The European project More-than-Planet researches with earth observations, satellite data, art, culture and philosophy how we can create new forms of knowledge, planetary imaginaries and narratives on how to envision our planet. This is very urgent, since 75 percent of the planet's land surface is experiencing measurable human pressure, and the way people imagine the planet substantially impacts the environment itself.
Even if earth observations are open source available, the raw data often remains inaccessible for the wider audience. How to interpret it, how to make it into a meaningful narrative? One that also takes into account the more-than-human life, public concerns, and climate justice?
The European project More-than-Planet finds an urgency to re-examine the way people understand and picture the environment on the level of the planet as a conceptual whole, together with partners Ars Electronica (AT), Northern Photographic Finland (FI), ART2M/Makery (FR), Leonardo/Olats (FR) and Zavod Projekt Atol (SI). In a collaboration with artists, critical thinkers, and various experts from cultural, environmental, and outer space institutions, the project will address a crisis of planetary imaginary.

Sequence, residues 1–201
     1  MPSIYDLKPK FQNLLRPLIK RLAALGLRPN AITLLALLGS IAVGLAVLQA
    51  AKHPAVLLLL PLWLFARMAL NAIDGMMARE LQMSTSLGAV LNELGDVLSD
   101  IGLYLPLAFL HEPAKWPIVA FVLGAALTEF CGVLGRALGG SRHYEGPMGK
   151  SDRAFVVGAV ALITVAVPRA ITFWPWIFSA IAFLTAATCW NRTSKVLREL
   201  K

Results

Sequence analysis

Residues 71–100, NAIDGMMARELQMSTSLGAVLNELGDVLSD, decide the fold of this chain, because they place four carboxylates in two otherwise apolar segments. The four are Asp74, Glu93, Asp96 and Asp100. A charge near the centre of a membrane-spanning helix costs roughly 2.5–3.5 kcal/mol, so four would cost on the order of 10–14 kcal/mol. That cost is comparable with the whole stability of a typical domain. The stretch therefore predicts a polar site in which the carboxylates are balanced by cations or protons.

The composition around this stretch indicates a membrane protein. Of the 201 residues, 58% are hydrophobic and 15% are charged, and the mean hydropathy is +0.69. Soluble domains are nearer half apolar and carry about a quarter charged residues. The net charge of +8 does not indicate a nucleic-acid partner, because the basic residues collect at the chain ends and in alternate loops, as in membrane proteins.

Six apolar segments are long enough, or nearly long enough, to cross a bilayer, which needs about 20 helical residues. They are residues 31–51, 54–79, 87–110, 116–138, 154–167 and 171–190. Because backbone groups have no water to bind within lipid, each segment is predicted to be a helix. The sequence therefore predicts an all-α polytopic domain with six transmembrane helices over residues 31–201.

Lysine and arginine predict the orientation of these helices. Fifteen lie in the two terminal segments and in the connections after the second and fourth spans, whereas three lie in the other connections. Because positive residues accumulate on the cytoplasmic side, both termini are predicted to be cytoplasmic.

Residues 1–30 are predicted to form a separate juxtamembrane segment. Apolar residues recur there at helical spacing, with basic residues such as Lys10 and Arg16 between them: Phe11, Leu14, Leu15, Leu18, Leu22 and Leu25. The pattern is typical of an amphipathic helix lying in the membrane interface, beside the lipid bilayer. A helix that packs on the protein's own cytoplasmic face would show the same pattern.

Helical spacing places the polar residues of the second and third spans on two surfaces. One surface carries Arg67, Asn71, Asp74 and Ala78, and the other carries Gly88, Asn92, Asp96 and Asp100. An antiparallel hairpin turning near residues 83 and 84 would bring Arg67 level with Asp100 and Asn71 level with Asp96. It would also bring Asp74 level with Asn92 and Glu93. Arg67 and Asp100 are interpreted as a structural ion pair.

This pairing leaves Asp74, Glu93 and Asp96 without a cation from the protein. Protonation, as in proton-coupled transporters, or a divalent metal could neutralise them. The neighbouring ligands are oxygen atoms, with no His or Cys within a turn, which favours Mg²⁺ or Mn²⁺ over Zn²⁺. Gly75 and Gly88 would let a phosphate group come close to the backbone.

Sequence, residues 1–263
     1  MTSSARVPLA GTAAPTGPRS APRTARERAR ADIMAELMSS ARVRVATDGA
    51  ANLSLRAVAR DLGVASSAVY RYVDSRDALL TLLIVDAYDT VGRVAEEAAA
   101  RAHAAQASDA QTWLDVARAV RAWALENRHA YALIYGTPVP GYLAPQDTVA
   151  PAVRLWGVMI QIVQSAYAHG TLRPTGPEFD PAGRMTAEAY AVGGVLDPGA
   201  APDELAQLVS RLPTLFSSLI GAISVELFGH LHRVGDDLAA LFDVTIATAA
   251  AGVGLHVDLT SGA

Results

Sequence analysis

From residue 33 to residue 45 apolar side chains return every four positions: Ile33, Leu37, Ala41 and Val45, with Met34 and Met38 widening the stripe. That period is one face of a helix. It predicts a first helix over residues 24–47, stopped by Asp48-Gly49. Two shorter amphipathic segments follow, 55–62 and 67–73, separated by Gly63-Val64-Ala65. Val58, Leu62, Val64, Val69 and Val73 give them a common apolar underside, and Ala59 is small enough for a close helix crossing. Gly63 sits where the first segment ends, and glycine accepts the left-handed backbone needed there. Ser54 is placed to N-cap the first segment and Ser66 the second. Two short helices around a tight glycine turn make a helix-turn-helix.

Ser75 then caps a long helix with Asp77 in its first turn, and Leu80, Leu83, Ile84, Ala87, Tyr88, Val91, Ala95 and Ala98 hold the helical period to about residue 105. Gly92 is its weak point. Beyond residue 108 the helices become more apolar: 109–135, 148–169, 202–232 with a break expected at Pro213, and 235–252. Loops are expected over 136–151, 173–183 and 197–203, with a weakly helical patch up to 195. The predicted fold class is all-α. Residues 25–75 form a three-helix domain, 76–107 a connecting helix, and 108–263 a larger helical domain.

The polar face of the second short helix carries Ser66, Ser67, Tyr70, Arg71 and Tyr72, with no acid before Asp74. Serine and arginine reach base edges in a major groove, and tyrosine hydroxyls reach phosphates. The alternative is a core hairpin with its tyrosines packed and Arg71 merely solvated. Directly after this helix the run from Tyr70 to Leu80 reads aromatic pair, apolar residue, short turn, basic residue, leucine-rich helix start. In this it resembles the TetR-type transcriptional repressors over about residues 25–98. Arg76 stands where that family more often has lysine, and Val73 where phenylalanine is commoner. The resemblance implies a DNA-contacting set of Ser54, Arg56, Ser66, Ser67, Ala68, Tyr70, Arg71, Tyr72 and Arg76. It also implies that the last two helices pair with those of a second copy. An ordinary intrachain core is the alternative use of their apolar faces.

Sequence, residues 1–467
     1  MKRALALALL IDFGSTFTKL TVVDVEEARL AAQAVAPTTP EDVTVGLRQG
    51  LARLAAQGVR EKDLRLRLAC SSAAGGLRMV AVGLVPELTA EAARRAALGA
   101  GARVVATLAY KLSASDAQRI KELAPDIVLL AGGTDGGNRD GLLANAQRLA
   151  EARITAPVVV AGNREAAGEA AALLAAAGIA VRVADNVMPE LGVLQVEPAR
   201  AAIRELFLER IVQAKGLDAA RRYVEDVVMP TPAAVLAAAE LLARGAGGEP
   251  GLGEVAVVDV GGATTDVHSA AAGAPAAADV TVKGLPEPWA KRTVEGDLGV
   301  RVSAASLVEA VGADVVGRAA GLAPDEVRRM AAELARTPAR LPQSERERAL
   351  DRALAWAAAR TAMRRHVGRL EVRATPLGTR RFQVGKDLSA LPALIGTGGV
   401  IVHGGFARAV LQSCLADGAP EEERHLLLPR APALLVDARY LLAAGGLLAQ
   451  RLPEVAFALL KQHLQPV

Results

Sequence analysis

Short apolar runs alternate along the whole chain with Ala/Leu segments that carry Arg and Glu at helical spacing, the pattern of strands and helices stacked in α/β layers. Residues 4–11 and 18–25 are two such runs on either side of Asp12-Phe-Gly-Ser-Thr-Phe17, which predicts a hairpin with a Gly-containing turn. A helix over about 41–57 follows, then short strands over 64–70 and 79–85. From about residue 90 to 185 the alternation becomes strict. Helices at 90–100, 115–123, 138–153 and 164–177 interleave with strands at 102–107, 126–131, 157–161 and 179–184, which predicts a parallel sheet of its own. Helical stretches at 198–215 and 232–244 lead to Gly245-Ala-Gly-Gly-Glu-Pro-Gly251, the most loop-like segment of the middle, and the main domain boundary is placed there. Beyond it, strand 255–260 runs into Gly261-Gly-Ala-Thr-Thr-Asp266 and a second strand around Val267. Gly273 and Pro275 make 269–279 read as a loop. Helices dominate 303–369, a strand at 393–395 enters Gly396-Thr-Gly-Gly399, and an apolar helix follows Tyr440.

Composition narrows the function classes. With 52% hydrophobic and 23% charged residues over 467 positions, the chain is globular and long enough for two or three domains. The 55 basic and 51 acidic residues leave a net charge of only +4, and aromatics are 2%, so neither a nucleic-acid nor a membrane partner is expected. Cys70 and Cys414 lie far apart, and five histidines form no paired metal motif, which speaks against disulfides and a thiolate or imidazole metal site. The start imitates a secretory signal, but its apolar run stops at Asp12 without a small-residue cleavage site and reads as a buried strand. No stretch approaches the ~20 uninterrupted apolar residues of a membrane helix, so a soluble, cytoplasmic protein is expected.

Artists and (artistic) researchers can contribute in a unique way to face the ecological and space challenges of the world. Oceans in Transformation from artistic research collective Territorial Agency serves as a striking example of a groundbreaking planetary narrative. It was created by bringing together scattered pieces of open source oceanic data from several research groups. Their art installation was able to make an abstract theme like sea level rising, visible and tangible for a wider audience.
More-than-Planet aims fo facilitate collaborative, transdisciplinary research by conducting open calls, conferences, exhibitions and publications. Examples are the More-than-Planet expo at the Old Observatory Leiden (NL, until 23 December 2022), the collection of essays Space without Rockets (2022), and the More-than-Planet open call for residencies in Finland (2023).
One of its final outcomes will be a More-than-Planet Atlas, that will serve as a reference book for policy makers, the general public, artists and researchers.
In general, the project builds on decades of individual efforts by many artists, scientists, and cultural organisations who enabled artistic production in the context of outer space, with space technologies, or even in outer space itself.
This project is funded by the European Union. Views and opinions expressed are however those of the author(s) only and do not necessarily reflect those of the European Union or the European Education and Culture Executive Agency (EACEA). Neither the European Union nor EACEA can be held responsible for them.